July 16th, 2014

New Evidence Fuels Concerns About The Safety Of Niacin

The string of failures– for HDL therapies in general and for niacin in particular– continues unabated.  The publication of the main results of the HPS2-THRIVE trial, along with new information from the AIM-HIGH trial, provide no evidence of a beneficial effect for niacin but do raise concerns that it may cause serious adverse effects.

In HPS2-THRIVE, published in the New England Journal of Medicine, the combination of extended-release niacin and laropiprant (Tredaptive, Merck) was compared to placebo in more than 25,000 high risk patients already receiving statin therapy. Patients in the treatment group had significant reductions in LDL cholesterol (10 mg/dL), significant increases in HDL  (6 mg/dL), and significant reductions in triglycerides (33 mg/dL). But there was no difference in the rate of major vascular events (13.2% for niacin-laropiprant versus 13.7% for placebo, RR 0.96, CI 0.90 – 1.03, p=0.29).  There was also no significant difference in an exploratory analysis of patients with low HDL and high triglyceride levels who might be expected to benefit the most from niacin therapy.

There were signs of harm associated with niacin-laropiprant. Serious adverse events occurred more often in the combination group (55.6% versus 52.7%, p < 0.001). Diabetes complications were especially concerning. Among patients who had diabetes at the start of the trial, serious complications related to diabetes occurred in 11.1% of patients in the treatment group versus 7.5% of patients in the control group, a 55% increase. Among patients who did not have diabetes at the start of the trial, there was a 32% increase in the diagnosis of diabetes in the treatment group (5.7% versus 4.3%.

Niacin therapy was also associated with significant increases in infections (8% versus 6.6%, p< .001) and bleeding (2.5% versus 1.9%, p < 0.001). These findings came as a surprise to the investigators. There were also significant increases in other, previously known adverse effects of niacin, including gastrointestinal, musculoskeletal, and skin-related adverse events.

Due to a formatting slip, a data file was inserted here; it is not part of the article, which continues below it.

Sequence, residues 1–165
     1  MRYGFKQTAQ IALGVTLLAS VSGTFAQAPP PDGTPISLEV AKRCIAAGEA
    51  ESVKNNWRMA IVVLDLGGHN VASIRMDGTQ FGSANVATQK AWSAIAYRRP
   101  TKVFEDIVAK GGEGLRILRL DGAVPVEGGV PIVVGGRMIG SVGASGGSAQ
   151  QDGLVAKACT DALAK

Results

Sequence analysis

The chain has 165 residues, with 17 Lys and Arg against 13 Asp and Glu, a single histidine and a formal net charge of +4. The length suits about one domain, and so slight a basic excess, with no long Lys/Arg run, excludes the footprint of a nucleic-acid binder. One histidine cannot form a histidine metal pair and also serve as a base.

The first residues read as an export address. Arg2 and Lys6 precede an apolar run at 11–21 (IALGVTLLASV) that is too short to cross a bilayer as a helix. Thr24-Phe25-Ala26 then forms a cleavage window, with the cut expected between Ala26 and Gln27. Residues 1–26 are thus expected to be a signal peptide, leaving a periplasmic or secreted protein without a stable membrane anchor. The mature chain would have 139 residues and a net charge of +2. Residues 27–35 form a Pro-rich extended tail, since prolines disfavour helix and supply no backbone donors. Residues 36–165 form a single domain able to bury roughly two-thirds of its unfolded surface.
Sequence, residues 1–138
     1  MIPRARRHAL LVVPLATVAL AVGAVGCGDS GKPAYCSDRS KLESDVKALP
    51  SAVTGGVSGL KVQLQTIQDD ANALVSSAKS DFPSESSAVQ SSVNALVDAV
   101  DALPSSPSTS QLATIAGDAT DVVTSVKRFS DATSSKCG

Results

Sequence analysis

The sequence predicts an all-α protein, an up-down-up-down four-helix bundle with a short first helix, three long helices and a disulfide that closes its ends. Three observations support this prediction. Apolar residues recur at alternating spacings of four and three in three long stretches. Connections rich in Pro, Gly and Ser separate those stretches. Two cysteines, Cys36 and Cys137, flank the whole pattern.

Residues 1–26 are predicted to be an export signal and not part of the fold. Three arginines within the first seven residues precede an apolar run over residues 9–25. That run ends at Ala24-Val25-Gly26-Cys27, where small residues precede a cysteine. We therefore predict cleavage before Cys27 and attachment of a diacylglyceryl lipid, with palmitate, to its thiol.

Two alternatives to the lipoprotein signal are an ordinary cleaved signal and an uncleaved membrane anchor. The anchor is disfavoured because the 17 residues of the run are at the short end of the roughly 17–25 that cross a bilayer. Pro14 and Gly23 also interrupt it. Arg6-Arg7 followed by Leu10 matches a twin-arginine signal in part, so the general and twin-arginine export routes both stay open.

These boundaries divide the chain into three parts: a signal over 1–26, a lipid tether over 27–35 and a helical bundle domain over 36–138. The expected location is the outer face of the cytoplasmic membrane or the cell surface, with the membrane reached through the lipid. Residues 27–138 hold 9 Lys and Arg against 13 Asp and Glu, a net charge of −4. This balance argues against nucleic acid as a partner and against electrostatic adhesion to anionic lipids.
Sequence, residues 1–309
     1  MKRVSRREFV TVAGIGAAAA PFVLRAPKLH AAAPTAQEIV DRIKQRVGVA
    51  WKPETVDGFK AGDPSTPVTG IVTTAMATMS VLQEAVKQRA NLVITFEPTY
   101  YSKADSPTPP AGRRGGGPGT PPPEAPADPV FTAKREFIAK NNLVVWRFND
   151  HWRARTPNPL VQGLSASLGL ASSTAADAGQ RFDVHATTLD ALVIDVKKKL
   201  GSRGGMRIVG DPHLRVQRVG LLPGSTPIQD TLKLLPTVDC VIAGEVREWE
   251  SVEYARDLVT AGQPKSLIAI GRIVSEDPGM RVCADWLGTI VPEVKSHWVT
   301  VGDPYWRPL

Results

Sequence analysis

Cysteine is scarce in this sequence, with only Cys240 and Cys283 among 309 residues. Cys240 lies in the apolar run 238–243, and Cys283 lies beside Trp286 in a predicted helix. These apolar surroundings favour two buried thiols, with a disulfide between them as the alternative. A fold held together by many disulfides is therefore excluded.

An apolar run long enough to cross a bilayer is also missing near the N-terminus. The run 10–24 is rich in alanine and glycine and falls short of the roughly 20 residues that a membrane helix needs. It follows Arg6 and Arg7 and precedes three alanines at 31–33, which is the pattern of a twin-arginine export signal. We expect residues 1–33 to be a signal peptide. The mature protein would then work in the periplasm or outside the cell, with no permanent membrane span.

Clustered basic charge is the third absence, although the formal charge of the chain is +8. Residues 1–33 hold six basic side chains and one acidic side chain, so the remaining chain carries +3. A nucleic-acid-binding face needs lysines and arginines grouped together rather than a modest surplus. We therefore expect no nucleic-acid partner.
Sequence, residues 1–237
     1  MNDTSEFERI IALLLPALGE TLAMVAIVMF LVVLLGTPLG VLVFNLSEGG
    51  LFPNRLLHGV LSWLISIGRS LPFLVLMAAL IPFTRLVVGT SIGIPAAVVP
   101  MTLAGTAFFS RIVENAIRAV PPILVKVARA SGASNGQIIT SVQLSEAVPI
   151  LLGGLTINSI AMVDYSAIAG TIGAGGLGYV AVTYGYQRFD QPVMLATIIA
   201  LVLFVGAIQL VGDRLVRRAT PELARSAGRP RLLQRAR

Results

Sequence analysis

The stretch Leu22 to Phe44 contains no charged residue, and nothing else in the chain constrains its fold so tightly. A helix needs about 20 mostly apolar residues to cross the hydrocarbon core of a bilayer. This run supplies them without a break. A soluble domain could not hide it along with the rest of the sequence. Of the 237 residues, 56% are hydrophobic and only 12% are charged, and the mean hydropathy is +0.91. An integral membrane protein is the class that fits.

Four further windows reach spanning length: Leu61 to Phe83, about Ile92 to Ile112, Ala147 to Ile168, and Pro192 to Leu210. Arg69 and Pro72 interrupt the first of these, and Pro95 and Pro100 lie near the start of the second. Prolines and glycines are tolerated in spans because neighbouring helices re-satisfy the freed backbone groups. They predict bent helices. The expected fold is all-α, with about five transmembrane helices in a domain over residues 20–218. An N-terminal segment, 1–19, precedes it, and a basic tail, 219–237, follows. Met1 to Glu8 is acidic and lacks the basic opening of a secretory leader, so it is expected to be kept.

The troubling findings of HPS2-THRIVE were not contradicted, and were at least partially confirmed, by a new analysis from the AIM-HIGH trial published in the correspondence section of NEJM. The trial randomized more than 3,400 patients with stable coronary artery disease to extended-release niacin (Niaspan, AbbVie) or placebo in addition to simvastatin and, if needed, ezetimibe. The trial was stopped early for lack of efficacy.

In their new analysis the AIM-HIGH investigators report a significant increase in serious infections (8.1% versus 5.8%, p=0.008) and a nonsignificant increase in serious bleeding events (3.4% versus 2.9%, p=0.36). But there was also a significant increase in all bleeding events in AIM-HIGH (10.1% versus 8.1%%, p=0.04).

The AIM-HIGH authors were reluctant to conclude that the new adverse effects seen in HPS2-THRIVE were also a genuine problem in AIM-HIGH. The findings, they wrote, “should be considered to be provisional and exploratory.” But the HPS2-THRIVE authors were more certain:

In light of the consistency of the results with those from previous trials of niacin alone, we believe that the findings from HPS2-THRIVE are likely to be generalizable to all high-dose niacin formulations. Although niacin might still be relevant for particular patient groups (e.g., patients at high risk for vascular events who have high levels of LDL cholesterol), any potential benefits should be considered in the context of the observed hazards.

Much of the initial discussion about HPS2-THRIVE revolved around the relative importance of the niacin and laropiprant components of the drug. In an accompanying editorial, Donald-Lloyd Jones writes that  “the consistency of the overall findings with earlier trials of niacin alone suggest that niacin is the major problem.”

What now should we make of niacin and the HDL cholesterol causation hypothesis? On the basis of the weight of available evidence showing net clinical harm, niacin must be considered to have an unacceptable toxicity profile for the majority of patients, and it should not be used routinely.

The failure of the niacin trials, as well as other HDL-related trials, “lends further credence to the notion that HDL cholesterol is unlikely to be causal.”


Previous posts about niacin:





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